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*~*November*~* Nurses & Future Nurses! - Page 5

post #81 of 89
Quote:
Originally Posted by magnificentmama View Post
Oh hockey sticks!! Don't tell me that!!!!!! I was hoping that eventually this feeling of impending doom was going to go away soon!!!!
I think some amount of *fear*, if you can call it that, is healthy in this environment. Anyone who is too comfortable or confident and thinks they know everything (at least in critical care) makes me nervous.


My sense of impending doom did go away after a year or so and then I started attending high risk deliveries!!! Got used to that, then I started doing transport! I'm pretty comfortable where I am in my practice now. Now watch, they'll make me do charge.
post #82 of 89
Quote:
Originally Posted by BugMacGee View Post
My sense of impending doom did go away after a year or so and then I started attending high risk deliveries!!! Got used to that, then I started doing transport! I'm pretty comfortable where I am in my practice now. Now watch, they'll make me do charge.
A year was about how long it took me to get less "totally fearful all the time" (and to stop having stupid work dreams constantly, too). It does get better

I have a BSN from a Canadian university, but the difference between diploma/degree programs is a little different here. In BC the diploma programs are being (or already are?) phased out- community colleges have programs that feed into university BSN programs. I loved being in a university setting- getting to see and participate in new nursing research, the really academic environment and services, and the variety of career options that I was exposed to. We did less acute care clinical experience in the program, but a lot more community/ health promotion work. It was scary as a brand new grad working in acute care, but it got better

I wrote the NCLEX after I had been out of school and working in L&D for five years. My husband went to grad school in Oregon, so I wrote it to work while we were there. There was certainly some cramming of cardiology and neuro stuff that I hadn't looked at for years, but overall it wasn't that bad! I passed on my first try (and in only 45 minutes).
post #83 of 89
Quote:
Originally Posted by annethcz View Post

So give me the scoop. How much does the type of degree matter- BSN vs. ADN. I know that I've seen a few want ads that specify that candidates with BSNs are preffered over ADNs. Will I be paid less with an ADN degree vs. BSN? Will I have a harder time finding a job? Is it stupid of me to be worried about this?
I have a BSN and for *me* it was a good choice because I plan to start applying to NP next year. I just didn't want to get my associates (I already have one) and then go back for more undergrad schooling...I just don't know if I would have gone back sad to say. But even saying that I would have been happy just to get into ANY good nursing program given how hard it is to get into any of them!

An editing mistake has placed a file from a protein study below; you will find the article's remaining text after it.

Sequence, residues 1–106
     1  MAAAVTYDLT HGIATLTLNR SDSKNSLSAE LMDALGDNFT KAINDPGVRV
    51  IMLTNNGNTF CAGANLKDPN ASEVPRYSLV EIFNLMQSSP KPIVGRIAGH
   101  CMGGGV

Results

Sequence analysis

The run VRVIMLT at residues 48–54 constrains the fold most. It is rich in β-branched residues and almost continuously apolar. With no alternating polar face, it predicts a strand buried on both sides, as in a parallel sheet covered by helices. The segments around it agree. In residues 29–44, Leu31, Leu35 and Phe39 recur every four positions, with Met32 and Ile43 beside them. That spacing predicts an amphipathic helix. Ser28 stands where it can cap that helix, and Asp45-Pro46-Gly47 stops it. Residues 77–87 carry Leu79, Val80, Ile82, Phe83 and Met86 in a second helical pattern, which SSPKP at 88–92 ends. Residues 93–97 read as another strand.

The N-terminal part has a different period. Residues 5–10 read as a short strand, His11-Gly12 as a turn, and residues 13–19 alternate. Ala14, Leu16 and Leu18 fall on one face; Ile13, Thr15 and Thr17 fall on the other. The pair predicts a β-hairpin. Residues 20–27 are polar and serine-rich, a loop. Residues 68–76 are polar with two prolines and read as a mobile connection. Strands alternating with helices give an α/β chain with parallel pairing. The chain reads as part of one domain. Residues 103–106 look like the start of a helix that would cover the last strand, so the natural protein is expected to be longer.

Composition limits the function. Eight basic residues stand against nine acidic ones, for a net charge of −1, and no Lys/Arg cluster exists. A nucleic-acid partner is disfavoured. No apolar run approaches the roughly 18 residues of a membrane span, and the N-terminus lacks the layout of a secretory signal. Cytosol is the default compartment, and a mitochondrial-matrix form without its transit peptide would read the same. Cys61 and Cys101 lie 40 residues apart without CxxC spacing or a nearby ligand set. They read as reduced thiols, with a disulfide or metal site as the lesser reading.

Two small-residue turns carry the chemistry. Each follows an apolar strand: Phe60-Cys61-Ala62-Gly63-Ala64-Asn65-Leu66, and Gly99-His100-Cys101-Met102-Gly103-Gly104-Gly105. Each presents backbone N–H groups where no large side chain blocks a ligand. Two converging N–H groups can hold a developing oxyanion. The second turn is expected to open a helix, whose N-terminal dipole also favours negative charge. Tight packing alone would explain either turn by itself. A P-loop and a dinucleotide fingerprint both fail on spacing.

No, you won't have a harder time finding a job with an ADN, most places don't care and they don't pay BSN more (well except like VA here which pays significantly more for BSN). There are some nursing specialties that do require a BSN (some state jobs, some public health, school nursing, etc) but most don't care.

As far as clinical hours between ADN and BSN I think that isn't an issue anymore. Your state board of nursing decides how many clinical hours are required so they both have to meet the same requirements. I know when I was in my BSN program, NONE of the ADN program students that I ever worked with got any more clinical hours than I did.

I would look at which programs have the best NCLEX pass rates (you should be able to find this online on your board of nursing website). And just apply to all that your interested in and see where you get accepted! What schools in your area have a good reputation?

I know I went to an excellent nursing school well know in the community (I talked to a lot of nurses and doctors before applying). For me the unit I work in, the "bookwork" I learned in school has come in WAY more valuable to me than clinical "skills". I have to do a lot of critical thinking and have had to go back and review my critical care and med/surg books a lot more than anything else. Basic skills are not hard to learn and students seem so obsessed (I know I was) with how many clinical hours they get, or how many Foleys that have put in, IVs started, etc....you will learn what you need and get a LOT of practice when you start your job. That "bookwork" is your knowledge base and it is SO important! This has been my experience at least.